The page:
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Emergence and suppression of cooperation by action visibility in transparent games

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Unakafov,  Anton M.
Research Group Theoretical Neurophysics, Max Planck Institute for Dynamics and Self-Organization, Max Planck Society;

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Eule,  Stephan
Department of Nonlinear Dynamics, Max Planck Institute for Dynamics and Self-Organization, Max Planck Society;

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Wolf,  Fred
Department of Nonlinear Dynamics, Max Planck Institute for Dynamics and Self-Organization, Max Planck Society;

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Citation

Unakafov, A. M., Schultze, T., Gail, A., Moeller, S., Kagan, I., Eule, S., et al. (2020). Emergence and suppression of cooperation by action visibility in transparent games. PLoS Computational Biology, 16(1): e1007588. doi:10.1371/journal.pcbi.1007588.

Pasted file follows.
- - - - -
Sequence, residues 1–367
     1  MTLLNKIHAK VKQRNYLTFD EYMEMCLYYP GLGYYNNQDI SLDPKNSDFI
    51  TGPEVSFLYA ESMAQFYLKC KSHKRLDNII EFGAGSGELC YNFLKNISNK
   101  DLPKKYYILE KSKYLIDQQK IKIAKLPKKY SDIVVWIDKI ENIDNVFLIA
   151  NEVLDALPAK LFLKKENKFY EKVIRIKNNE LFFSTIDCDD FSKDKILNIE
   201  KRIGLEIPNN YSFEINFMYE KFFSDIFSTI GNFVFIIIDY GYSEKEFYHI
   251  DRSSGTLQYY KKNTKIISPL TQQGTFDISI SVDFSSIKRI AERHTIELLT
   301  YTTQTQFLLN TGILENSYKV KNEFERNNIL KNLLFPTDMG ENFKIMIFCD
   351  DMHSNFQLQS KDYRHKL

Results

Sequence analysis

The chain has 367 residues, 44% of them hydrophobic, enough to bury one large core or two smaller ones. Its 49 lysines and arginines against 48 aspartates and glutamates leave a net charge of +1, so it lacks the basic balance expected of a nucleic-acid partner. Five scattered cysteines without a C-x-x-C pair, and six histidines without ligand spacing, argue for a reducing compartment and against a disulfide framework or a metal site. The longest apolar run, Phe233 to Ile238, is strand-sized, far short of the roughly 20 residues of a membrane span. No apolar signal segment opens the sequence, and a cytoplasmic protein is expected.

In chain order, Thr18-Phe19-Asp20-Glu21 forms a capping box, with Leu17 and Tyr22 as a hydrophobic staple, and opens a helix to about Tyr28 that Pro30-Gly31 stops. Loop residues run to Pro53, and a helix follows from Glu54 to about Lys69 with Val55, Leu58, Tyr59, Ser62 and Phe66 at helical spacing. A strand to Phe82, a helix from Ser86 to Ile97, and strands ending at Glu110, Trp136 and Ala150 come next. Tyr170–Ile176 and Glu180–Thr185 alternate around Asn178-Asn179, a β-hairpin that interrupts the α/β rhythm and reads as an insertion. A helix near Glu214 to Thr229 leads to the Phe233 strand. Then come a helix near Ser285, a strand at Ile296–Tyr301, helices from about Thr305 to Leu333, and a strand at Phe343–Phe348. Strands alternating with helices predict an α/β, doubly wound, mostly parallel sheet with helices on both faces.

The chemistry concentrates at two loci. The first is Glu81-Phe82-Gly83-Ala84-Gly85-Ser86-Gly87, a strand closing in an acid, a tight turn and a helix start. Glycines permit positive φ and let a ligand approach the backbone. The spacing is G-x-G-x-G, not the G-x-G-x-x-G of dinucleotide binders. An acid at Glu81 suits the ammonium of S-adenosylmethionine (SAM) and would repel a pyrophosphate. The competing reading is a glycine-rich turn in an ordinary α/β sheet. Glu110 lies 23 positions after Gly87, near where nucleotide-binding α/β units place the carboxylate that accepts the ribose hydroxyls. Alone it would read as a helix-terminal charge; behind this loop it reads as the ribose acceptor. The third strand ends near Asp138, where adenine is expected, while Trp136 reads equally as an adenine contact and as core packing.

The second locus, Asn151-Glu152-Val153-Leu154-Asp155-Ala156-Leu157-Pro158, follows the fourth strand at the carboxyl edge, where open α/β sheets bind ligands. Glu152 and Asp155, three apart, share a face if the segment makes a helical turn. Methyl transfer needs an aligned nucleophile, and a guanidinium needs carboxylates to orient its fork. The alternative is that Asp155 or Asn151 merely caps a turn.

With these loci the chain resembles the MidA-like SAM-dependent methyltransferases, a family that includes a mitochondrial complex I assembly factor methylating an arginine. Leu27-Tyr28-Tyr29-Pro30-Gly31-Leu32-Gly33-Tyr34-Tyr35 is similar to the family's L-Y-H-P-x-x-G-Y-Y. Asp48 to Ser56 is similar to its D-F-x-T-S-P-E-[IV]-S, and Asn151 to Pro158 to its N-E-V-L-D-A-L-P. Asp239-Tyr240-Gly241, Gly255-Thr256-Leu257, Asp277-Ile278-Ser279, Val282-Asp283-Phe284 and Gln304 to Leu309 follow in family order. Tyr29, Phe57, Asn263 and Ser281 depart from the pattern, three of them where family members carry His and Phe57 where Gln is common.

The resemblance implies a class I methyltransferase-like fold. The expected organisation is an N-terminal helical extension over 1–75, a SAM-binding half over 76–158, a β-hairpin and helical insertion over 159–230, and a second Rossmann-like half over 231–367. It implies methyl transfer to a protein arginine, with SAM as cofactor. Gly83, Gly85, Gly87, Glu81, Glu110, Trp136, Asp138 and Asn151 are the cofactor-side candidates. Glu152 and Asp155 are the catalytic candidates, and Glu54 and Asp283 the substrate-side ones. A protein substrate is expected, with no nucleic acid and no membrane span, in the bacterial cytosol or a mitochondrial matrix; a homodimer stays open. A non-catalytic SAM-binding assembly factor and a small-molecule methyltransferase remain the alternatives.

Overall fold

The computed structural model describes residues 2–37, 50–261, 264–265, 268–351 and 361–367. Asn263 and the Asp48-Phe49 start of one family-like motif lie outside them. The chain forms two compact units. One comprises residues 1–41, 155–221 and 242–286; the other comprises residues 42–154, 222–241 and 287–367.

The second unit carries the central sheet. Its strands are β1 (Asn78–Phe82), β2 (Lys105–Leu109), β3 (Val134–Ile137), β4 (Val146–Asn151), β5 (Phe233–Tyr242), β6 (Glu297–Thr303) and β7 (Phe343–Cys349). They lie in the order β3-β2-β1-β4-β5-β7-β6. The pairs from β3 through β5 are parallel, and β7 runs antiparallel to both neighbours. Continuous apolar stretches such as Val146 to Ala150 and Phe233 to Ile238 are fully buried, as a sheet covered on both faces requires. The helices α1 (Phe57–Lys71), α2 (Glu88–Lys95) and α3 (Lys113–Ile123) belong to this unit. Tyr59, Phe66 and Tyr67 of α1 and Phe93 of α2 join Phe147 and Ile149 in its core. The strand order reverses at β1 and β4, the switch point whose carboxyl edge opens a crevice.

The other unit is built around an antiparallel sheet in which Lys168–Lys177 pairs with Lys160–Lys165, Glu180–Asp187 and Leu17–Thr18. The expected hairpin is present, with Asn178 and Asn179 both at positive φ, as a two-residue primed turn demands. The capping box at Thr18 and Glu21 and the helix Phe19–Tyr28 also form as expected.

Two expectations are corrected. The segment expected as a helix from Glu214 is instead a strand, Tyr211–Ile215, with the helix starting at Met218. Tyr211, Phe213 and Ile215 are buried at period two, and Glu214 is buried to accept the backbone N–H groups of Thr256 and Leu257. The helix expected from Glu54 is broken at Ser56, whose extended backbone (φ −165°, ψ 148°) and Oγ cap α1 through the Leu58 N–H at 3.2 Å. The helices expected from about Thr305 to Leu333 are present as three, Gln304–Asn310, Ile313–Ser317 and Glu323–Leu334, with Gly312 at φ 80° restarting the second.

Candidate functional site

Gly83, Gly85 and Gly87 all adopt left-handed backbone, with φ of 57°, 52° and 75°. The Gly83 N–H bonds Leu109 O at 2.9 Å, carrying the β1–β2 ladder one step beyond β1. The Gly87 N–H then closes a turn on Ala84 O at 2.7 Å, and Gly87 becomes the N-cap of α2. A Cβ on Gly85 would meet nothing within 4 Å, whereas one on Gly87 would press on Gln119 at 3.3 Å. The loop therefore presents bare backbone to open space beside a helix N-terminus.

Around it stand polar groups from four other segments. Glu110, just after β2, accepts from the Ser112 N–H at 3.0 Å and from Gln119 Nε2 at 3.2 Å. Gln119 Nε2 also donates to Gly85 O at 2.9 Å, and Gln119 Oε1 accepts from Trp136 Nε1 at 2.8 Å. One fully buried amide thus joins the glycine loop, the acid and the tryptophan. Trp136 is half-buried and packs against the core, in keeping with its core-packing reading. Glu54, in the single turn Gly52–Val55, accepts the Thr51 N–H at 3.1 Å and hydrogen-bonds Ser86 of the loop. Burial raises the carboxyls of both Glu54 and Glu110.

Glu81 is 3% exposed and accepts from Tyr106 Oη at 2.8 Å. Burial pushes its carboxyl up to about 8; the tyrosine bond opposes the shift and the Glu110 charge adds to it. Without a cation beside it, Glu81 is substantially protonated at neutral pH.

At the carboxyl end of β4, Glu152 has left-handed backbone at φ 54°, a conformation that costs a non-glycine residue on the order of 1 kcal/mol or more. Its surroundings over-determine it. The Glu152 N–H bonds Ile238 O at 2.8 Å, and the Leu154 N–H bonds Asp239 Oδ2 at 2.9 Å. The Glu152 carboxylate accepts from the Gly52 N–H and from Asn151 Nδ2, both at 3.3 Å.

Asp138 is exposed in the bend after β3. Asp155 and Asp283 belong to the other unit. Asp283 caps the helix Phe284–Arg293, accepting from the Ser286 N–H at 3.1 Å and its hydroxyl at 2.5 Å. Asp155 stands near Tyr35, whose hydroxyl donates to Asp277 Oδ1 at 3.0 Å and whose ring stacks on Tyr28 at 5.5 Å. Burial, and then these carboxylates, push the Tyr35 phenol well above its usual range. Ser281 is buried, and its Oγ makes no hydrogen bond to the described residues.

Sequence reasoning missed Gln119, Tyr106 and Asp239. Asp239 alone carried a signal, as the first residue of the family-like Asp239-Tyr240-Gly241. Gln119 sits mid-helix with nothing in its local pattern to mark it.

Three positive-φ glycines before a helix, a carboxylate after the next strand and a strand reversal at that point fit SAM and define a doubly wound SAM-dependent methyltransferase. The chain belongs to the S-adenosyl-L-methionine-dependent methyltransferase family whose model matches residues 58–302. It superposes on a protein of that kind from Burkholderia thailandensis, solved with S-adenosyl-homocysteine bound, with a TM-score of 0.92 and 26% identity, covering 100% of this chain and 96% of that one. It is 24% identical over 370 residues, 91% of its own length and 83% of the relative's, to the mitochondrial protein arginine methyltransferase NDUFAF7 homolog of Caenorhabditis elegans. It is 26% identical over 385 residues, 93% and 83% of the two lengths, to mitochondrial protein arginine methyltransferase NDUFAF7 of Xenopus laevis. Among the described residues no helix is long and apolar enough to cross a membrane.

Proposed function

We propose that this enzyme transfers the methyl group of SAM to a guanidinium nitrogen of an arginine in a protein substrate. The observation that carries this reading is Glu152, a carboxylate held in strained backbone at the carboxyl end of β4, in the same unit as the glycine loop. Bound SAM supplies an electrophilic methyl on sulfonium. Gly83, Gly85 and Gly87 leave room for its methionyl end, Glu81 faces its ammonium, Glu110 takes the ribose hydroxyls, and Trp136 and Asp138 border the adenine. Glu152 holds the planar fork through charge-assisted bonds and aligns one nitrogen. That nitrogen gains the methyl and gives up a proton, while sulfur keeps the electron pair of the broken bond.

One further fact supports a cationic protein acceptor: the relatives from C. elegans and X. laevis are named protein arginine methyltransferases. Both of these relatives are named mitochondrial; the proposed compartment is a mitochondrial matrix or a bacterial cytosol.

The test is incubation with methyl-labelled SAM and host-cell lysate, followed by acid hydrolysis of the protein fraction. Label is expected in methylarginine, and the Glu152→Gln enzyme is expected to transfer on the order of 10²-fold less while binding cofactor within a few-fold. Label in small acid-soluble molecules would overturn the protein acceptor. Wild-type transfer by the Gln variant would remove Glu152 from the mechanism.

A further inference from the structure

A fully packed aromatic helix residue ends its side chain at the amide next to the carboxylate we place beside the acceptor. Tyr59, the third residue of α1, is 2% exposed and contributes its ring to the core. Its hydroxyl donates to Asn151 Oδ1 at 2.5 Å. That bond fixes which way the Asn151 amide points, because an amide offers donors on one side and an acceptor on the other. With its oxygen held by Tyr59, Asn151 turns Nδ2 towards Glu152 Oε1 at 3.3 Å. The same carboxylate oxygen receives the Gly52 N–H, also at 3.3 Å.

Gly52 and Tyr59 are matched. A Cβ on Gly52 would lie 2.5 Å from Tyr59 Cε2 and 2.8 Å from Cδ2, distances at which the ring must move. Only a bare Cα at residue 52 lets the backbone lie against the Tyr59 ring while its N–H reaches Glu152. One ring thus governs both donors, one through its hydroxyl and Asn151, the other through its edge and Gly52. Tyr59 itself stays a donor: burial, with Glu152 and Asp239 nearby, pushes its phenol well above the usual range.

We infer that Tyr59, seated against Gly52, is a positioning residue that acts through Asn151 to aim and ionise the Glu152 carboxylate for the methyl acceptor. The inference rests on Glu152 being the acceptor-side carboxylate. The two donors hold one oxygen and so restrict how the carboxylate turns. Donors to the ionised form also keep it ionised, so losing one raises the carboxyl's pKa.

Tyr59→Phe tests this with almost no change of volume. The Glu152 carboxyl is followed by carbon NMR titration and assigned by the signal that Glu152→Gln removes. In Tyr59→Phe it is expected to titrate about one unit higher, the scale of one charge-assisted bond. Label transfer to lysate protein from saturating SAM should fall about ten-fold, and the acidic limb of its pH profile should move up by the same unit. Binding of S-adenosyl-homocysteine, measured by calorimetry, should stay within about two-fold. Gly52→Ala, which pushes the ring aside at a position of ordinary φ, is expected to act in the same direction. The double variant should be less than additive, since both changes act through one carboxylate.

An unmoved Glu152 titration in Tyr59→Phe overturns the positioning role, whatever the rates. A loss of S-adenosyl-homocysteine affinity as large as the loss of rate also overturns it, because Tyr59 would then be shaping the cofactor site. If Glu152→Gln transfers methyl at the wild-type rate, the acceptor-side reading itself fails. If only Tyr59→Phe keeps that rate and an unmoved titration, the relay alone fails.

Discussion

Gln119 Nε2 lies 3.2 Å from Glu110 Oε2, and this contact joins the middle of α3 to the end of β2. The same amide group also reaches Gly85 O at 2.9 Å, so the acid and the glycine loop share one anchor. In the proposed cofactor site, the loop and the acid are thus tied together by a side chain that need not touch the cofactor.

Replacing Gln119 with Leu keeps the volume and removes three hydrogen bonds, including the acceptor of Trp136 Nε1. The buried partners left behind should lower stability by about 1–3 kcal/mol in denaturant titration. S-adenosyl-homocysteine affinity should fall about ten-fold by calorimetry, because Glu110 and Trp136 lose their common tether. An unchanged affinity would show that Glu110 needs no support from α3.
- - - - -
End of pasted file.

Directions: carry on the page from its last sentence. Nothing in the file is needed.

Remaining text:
Cite as: http://hdl.handle.net/21.11116/0000-0005-7BD7-F
Abstract
Real-world agents, humans as well as animals, observe each other during interactions and choose their own actions taking the partners' ongoing behaviour into account. Yet, classical game theory assumes that players act either strictly sequentially or strictly simultaneously without knowing each other's current choices. To account for action visibility and provide a more realistic model of interactions under time constraints, we introduce a new game-theoretic setting called transparent games, where each player has a certain probability of observing the partner's choice before deciding on its own action. By means of evolutionary simulations, we demonstrate that even a small probability of seeing the partner's choice before one's own decision substantially changes the evolutionary successful strategies. Action visibility enhances cooperation in an iterated coordination game, but reduces cooperation in a more competitive iterated Prisoner's Dilemma. In both games, "Win-stay, lose-shift" and "Tit-for-tat" strategies are predominant for moderate transparency, while a "Leader-Follower" strategy emerges for high transparency. Our results have implications for studies of human and animal social behaviour, especially for the analysis of dyadic and group interactions.